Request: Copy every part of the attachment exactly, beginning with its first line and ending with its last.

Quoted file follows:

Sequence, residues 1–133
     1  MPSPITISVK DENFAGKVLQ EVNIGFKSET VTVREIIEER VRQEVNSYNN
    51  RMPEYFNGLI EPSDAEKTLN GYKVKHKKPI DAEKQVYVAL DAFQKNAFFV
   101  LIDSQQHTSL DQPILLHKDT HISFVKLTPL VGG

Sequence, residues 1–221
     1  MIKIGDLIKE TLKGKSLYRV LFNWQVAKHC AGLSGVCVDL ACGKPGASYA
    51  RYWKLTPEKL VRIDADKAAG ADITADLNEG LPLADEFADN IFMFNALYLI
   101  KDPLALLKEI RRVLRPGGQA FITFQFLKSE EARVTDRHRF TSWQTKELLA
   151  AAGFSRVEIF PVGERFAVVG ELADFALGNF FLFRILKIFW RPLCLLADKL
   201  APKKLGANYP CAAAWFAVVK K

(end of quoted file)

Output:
Sequence, residues 1–133
     1  MPSPITISVK DENFAGKVLQ EVNIGFKSET VTVREIIEER VRQEVNSYNN
    51  RMPEYFNGLI EPSDAEKTLN GYKVKHKKPI DAEKQVYVAL DAFQKNAFFV
   101  LIDSQQHTSL DQPILLHKDT HISFVKLTPL VGG

Sequence, residues 1–221
     1  MIKIGDLIKE TLKGKSLYRV LFNWQVAKHC AGLSGVCVDL ACGKPGASYA
    51  RYWKLTPEKL VRIDADKAAG ADITADLNEG LPLADEFADN IFMFNALYLI
   101  KDPLALLKEI RRVLRPGGQA FITFQFLKSE EARVTDRHRF TSWQTKELLA
   151  AAGFSRVEIF PVGERFAVVG ELADFALGNF FLFRILKIFW RPLCLLADKL
   201  APKKLGANYP CAAAWFAVVK K